Friday, February 6, 2015

A Reel Review: The Oscar Nominated Animated Short Films

Each year, select theatres are given the opportunity to run the Oscar nominated live-action and animated shorts, giving film lovers a chance to take in some great cinema and to get an inside edge on their Oscar pools. This year’s selection of animated nominees are a great example of how special and pure an animated film can be. Animation makes any type of world, universe, or character possible…which breaks down any storytelling boundaries. Here are reviews for this year’s most-excellent animated nominees. 

A SINGLE LIFE – A young girl is able to travel through her life when playing a mysterious vinyl record. 
This hilarious little romp is done in colorful and vibrant CGI with an oddly designed character, who travels through time depending on where the needle on the record player is; move it back and she grows younger…move it forward and she gets older. It is lightning-quick and requires just enough thought to appreciate, and the ending will have you giggling all the way home. 

FEAST – One man’s love life is seen through the eyes of his dog; revealed bit-by-bit through the meals they share. 

This hand-drawn and computer-rendered Disney flick ran in front of BIG HERO 6 this year, and is an absolute delight to behold. The style brings back memories of Disney’s golden age of cartoons, while the storytelling, sans dialogue, is full of heart without getting the least bit sappy. The genius of it all lies in the telling; the story unfolds through the meals that the dog shares…which is likely how our canine friends generate memories here in the real world. Beyond brilliant.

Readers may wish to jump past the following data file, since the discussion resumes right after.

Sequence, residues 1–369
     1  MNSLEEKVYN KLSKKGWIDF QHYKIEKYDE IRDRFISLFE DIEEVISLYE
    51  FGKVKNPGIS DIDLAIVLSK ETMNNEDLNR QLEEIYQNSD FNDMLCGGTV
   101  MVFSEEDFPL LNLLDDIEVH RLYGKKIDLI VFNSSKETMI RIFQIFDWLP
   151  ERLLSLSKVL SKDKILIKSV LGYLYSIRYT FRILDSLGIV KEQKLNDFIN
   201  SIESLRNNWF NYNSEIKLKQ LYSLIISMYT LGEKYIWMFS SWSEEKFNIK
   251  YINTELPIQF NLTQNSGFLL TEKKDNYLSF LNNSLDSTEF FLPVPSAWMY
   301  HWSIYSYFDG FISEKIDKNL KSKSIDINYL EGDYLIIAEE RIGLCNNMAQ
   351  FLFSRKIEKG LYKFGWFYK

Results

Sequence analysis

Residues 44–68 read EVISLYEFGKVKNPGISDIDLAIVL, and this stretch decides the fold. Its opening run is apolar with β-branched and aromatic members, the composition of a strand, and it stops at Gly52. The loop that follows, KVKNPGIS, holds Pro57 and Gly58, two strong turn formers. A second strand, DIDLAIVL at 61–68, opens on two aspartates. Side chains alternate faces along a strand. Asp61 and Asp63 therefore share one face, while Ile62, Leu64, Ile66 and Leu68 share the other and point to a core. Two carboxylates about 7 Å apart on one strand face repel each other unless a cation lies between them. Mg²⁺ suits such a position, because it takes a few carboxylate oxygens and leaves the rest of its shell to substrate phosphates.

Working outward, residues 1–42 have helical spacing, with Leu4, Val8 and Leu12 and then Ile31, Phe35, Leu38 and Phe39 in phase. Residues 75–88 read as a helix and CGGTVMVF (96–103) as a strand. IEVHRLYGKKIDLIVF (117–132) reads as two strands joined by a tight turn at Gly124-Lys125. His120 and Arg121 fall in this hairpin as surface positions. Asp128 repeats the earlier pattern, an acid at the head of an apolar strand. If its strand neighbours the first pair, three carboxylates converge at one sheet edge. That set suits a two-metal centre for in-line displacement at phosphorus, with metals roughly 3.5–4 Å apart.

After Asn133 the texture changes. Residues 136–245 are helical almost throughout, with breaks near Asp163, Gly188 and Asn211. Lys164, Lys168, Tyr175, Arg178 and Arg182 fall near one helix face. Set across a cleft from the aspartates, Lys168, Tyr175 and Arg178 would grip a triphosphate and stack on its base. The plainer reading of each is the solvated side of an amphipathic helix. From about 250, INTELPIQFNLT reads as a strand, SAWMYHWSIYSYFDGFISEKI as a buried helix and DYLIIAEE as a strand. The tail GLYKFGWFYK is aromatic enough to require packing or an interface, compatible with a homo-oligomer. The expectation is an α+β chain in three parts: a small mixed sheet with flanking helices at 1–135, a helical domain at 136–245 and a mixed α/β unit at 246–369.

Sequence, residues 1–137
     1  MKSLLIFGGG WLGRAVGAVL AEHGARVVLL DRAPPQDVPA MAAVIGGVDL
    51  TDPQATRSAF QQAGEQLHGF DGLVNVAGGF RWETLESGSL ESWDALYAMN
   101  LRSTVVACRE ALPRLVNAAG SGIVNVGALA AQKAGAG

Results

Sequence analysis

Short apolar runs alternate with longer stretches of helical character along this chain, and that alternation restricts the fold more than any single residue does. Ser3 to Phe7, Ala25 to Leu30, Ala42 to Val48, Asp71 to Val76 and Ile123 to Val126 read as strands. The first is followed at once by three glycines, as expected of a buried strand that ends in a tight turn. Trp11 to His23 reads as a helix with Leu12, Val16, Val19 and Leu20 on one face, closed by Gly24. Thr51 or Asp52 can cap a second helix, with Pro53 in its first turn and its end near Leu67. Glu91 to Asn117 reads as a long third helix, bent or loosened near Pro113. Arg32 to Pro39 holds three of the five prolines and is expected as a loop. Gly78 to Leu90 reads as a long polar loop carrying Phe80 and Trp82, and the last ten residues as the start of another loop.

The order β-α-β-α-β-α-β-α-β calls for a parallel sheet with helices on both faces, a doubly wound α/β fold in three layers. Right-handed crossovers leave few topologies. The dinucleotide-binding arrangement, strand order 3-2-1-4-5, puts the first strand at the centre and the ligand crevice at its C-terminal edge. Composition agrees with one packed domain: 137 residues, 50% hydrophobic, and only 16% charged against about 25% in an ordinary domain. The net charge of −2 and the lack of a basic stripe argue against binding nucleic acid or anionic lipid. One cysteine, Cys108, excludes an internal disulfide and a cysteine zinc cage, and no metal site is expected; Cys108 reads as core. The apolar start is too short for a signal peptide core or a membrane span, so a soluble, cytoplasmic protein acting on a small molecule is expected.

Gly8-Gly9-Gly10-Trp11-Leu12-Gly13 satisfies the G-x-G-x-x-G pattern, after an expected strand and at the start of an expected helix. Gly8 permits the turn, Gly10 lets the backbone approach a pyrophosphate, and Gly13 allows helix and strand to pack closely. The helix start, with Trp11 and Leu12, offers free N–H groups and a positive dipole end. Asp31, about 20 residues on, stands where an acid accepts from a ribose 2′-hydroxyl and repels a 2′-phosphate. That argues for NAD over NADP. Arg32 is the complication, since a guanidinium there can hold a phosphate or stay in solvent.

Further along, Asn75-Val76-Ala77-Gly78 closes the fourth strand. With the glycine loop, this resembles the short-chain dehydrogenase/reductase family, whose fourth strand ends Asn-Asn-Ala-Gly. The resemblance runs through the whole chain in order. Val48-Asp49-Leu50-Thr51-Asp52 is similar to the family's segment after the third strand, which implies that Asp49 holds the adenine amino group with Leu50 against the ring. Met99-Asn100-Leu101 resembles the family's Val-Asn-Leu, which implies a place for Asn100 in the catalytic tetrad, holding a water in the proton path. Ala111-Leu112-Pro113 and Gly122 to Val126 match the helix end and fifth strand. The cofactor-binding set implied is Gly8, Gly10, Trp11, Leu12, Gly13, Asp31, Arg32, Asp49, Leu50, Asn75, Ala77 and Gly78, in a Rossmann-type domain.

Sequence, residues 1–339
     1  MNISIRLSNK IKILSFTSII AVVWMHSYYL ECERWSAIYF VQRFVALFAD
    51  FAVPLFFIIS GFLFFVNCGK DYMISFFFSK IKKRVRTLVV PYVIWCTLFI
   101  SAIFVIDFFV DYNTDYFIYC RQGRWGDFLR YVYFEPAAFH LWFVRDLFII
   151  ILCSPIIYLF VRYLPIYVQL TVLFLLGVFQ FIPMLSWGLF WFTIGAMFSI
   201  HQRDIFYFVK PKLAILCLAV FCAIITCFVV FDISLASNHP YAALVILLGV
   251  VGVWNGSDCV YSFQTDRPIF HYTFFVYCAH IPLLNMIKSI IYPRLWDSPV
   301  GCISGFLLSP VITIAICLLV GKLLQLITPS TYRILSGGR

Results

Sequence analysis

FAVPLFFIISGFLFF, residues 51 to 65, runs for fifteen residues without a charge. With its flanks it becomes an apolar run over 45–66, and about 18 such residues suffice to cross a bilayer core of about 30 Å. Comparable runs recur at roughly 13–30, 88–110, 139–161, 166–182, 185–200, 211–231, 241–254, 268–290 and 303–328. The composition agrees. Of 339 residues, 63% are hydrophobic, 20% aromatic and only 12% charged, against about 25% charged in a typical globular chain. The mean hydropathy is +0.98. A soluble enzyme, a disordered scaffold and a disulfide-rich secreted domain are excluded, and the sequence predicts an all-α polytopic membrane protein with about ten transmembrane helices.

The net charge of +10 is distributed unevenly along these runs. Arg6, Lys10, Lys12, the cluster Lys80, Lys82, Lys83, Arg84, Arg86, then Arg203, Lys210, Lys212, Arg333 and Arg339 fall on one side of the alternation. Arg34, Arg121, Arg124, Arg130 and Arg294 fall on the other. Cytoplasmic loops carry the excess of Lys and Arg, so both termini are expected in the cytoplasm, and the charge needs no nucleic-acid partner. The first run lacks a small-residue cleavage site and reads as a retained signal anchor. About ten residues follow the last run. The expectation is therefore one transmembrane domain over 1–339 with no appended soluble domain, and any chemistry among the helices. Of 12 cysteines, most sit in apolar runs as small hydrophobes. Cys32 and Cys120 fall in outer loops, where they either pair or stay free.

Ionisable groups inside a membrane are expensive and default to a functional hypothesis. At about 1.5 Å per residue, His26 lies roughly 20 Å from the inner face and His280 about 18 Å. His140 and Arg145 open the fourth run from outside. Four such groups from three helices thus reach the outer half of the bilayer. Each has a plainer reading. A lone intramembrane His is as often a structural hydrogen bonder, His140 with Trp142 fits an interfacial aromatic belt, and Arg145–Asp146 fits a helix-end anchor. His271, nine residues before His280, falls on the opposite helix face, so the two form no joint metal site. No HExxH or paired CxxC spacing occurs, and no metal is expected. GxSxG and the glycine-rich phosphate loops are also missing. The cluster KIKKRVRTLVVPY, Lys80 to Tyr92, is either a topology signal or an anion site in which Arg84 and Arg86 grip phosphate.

ME AND MY MOULTON – A seven year old girl and her sisters ask their architect parents if they could have a bicycle. 

Done in a 2D style in which the characters are a step away from stick-figures, this doesn’t have much plot and instead focuses on the emotions of the girl as she describes her frustrations with her over-disciplined parents…whose careers as efficient and conservative designers seep into the home-life. It’s funny and bright, but at the end may have you wondering what the point was. 

THE BIGGER PICTURE – Two brothers go through the ups and downs (mostly downs) of taking care of an elderly parent. 

This is probably one of the most visually stunning animated films ever made. By combining 2D painting and 3D stop motion, parts of the film (especially the characters) look like they are painted on the wall, while their appendages and surroundings seem to be right in front of you. The genius behind it all is that everything is done life-sized; there are no miniatures or models to be had here. The storytelling is a bit bizarre as the narrative goes all over the place, but the technique is so memorable you can’t help but to want to revisit it. 

THE DAM KEEPER – In a world populated with animals, a young pig tries to do his very important job, and meets a new classmate who changes his world. 

Looking like a pastel painting, this follows the adventures of a shy little pig who is charged with the upkeep of the dam which keeps the town safe; a job he finds difficult to do when he gets bullied at school. Things get better when he meets a new student (a fox), before the film takes a few twists and turns which would rival any good Greek tragedy. The film is a statement on bullying but also tells a very good story which is classic in nature and ultimately timeless…like one of those fairy tales told to children at night. 


The Oscars will be awarded February 22nd

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